FLAGSTAFF, Ariz. – Winslow, Arizona, was all but forgotten when Interstate 40 displaced Route 66 and began whisking travellers around its downtown in the late 1970s.
But it still had one thing going for it: Everybody wanted to stand on a corner in the small city after hearing Glenn Frey and the Eagles make it sound so cool in “Take It Easy.”
Locals capitalized on the lyrics with an annual festival and park featuring a statue and mural commemorating the 1972 song.
Frey died Monday at 67. Winslow residents were planning a memorial service Tuesday night that will feature Eagles songs and likely dancing in the street.
“All are on the same page of being grateful for the music,” said Tom McCauley, part of a foundation that organizes the annual Standin’ on the Corner Festival. “The Eagles is one of the greatest rock and roll bands, and Glenn Frey is certainly one of the most iconic performers ever.”
Fans have been leaving flowers and notes at the park to celebrate the life of Frey, who co-wrote and sang “Take It Easy.”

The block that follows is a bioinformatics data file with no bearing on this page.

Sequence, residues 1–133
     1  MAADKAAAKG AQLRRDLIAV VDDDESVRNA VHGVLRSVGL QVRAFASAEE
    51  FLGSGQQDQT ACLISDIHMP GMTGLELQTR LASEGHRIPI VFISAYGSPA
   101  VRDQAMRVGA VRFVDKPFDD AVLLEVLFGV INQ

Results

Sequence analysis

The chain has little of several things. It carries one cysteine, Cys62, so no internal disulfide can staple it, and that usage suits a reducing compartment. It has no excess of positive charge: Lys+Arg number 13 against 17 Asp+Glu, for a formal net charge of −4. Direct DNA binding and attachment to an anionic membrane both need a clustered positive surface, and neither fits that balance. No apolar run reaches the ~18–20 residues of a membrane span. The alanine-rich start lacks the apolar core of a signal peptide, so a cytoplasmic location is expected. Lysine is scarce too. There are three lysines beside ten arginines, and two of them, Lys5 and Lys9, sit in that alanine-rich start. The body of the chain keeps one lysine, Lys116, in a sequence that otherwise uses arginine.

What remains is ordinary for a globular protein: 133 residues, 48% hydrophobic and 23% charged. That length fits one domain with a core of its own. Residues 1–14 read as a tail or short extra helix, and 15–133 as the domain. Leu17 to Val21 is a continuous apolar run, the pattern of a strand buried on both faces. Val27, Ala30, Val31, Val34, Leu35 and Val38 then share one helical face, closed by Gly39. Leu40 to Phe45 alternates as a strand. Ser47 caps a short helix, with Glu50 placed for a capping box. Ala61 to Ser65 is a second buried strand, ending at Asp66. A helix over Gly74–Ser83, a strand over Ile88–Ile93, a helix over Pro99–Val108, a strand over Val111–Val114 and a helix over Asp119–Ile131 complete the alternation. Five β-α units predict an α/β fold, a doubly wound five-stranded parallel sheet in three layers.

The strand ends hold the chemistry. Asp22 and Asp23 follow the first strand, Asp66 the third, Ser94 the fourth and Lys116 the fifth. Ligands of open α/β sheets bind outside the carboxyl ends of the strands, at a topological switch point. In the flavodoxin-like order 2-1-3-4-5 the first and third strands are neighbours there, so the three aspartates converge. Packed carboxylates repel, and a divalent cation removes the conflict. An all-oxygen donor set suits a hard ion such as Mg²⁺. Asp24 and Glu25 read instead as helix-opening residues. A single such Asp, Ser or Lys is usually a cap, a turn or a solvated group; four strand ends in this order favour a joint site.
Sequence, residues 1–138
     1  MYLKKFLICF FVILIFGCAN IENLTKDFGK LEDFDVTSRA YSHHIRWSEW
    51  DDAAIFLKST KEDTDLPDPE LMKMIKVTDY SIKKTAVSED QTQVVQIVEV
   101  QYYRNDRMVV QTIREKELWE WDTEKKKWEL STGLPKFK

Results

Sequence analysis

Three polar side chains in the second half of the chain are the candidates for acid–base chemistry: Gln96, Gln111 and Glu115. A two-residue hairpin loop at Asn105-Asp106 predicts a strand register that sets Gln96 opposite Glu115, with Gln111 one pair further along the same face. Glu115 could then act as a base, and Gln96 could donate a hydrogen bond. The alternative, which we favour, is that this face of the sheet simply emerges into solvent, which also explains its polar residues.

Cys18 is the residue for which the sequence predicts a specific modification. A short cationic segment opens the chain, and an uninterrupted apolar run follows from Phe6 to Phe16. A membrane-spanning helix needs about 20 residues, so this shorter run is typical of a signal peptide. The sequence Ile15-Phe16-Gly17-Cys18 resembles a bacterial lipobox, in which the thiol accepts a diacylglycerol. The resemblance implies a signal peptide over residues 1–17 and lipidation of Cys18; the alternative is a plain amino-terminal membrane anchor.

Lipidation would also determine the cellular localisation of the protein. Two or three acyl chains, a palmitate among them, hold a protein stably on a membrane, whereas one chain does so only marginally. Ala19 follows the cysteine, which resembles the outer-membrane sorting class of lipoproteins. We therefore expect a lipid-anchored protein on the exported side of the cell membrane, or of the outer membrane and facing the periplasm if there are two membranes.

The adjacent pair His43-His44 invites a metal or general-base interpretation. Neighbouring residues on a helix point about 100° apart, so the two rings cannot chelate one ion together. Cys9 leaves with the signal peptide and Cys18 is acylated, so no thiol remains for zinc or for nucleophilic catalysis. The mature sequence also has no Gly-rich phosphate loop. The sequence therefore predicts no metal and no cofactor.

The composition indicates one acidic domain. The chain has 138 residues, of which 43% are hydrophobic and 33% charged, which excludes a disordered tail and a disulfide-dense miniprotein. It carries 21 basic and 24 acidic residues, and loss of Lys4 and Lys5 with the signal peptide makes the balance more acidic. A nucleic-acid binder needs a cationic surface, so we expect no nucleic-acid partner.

The nearby bronze statue of a man with boots, jeans and a guitar has stood downtown since the late 1990s. In front of it is a Route 66 shield painted on the road and behind him is a mural with a woman looking in his direction – a visual reference to the line in the song, “It’s a girl, my Lord, in a flatbed Ford slowin’ down to take a look at me.”
Tyler Blom of Duluth, Minnesota, was on his way to Las Vegas with a friend when they decided to detour to Winslow to pay their respects.
“If you don’t know that song, you gotta get your pulse checked,” said Blom, 27. “If you don’t like that song, it’s an ‘I don’t know if I can be friends with you,’ kind of thing.”
Locals say the Eagles were hugely supportive of their efforts to capitalize on the lyrics.
The Old Trails Museum in Winslow has a letter from Eagles band member Don Henley that came with a $1,000 donation for Standin’ on the Corner Park, volunteer Pat Raygor said.
Shops display Eagles tour posters and sell T-shirts, magnets and mugs depicting the song and its lyrics.
“We’re so appreciative here in Winslow, not just for Glenn Frey but for the Eagles,” said Bob Hall, chief executive of the Winslow Chamber of Commerce. “Everybody knows that song, and it’s helped us get Winslow back on the map.”
McCauley said this year’s festival will be dedicated to Frey, and the foundation eventually will put up a plaque to honour him near the statue affectionately dubbed “Easy.”
AP writer Alina Hartounian in Phoenix contributed to this story.